The computer game Civilization III allows the player to choose from among some of the great civilizations of the past, such as Roman, Aztec, or Babylonian. In a similar way, we divide seven medieval civilizations (Aztec, China, Europe, Inca, Islam/ Arabian Peninsula, Japan and West Africa) between seven student teams. Each team studies one civilization's social and technical accomplishments, gives a presentation to the rest of the class about what they have found, and then debates the question of which civilization gave rise to the most important achievements and innovations during the Middle Ages. Students seem to find this the most competitive and exciting unit of study in our seventh grade social studies curriculum.
Days 1-2: Problems and Solutions
To begin the unit, we ask students to name some of the problems they have in their own lives. These difficulties usually involve friends or boredom, which is typical for twelve year olds. Then we present a version of Maslow's Hierarchy of Needs (See page 16).1 Students recognize that most of their basic physical and safety needs are taken care of pretty well. They are mostly aware of problems and struggles in the area of social needs as well as desires for the future, like getting good test scores and becoming better athletes.
Once we have a good sample of student problems, I ask students to think about possible solutions. Students come up with interesting ideas about studying harder, joining a school club, practicing basketball more often, and so forth. I then move students toward thinking about the Middle Ages by asking them what types of problems people in medieval civilizations might have had. At this point in the year, students have already learned a little about world geography and history, so they mention things like lack of drinking water in much of the Arabic Middle East, hurricanes crashing into the Japanese coast, and hostile militias threatening European villages after the fall of the Roman Empire.
I then ask them to open their books to search for some of the solutions and innovations created during medieval times to deal with various problems, both physical and social. Our school district uses the textbook History Alive/ The Medieval Worm and Beyond, which describes seven major civilizations of the Middle Ages and provides details about each one's technical and social innovations. (2)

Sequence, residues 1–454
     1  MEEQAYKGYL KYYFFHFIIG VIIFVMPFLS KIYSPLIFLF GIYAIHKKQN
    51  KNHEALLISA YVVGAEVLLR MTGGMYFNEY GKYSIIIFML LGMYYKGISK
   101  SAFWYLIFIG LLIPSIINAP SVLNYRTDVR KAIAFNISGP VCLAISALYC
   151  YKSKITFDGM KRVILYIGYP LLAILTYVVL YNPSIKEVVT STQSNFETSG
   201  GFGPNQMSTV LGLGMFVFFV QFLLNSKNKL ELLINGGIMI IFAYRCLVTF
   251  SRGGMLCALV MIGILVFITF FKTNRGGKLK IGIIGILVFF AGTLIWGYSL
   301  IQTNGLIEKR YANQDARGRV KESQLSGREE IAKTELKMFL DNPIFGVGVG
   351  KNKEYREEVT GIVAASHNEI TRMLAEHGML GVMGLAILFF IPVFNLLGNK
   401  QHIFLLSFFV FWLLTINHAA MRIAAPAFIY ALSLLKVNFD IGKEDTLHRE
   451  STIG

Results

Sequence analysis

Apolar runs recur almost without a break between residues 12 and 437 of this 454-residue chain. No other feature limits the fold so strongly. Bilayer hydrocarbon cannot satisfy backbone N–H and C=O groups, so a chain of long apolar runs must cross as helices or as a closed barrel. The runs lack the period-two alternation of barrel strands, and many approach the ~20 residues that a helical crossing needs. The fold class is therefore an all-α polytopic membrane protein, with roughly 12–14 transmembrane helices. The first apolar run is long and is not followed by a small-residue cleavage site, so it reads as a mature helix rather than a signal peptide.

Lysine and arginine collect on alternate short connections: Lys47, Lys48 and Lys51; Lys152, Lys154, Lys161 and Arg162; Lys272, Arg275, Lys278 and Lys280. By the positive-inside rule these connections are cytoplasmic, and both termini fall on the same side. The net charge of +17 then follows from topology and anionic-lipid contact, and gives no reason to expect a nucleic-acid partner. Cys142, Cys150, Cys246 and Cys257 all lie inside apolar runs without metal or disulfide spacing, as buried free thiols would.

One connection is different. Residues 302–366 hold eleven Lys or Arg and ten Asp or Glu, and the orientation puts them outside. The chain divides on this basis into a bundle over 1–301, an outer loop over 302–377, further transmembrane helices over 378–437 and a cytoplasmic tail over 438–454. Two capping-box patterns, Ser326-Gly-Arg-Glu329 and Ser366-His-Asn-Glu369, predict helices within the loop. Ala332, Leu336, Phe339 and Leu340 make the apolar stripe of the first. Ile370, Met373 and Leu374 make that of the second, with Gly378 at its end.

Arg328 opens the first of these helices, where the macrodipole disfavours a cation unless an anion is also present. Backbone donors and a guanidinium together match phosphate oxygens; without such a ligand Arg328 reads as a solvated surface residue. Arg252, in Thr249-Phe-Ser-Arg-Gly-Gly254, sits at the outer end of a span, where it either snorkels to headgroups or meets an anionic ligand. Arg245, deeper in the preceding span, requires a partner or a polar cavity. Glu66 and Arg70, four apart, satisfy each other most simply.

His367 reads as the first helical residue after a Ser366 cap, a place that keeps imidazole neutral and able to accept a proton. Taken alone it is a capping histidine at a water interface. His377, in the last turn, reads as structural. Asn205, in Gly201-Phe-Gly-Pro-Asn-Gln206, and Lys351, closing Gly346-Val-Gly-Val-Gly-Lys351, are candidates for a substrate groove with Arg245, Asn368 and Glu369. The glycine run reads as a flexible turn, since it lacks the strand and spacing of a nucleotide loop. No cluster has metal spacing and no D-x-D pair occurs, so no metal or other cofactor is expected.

For example, students read about the West African griots (itinerant storytellers, who are often also musicians and oral historians), whose spoken proverbs taught history and morals to the younger generation. Students "backward think" to the original problem for which this social innovation was created. In this case, the stories told by the griot answered society's need to pass on information. West Africa had no written language at the time.
Days 3-4: Relevance Today
For the next few days, I ask students to extend their thinking into the present, to inquiring about whether ideas and innovations born in the Middle Ages actually affect human life today. The History Alive/textbook provides some useful examples of this sort of connection: The idea of limiting a ruler's power, as stated in the Magna Carta, is further developed in the U.S. Constitution. Students also make informed guesses based on various sources of information. They see similarities of form between an Incan suspension bridge made of vines and suspension bridges made of steel today in San Francisco and New York. The Incas cultivated 200 varieties of potatoes, and some of these are the progenitors of the variety used in a favorite side dish-what we call French fries.
Days 5-8: Comparing Civilizations
Up to this point, each group has studied only one civilization in detail. I now ask each group to present its civilization's solutions and innovations to the whole class. I tell students to be alert for achievements-arising from any society--at have had the greatest impact on our modern civilization. …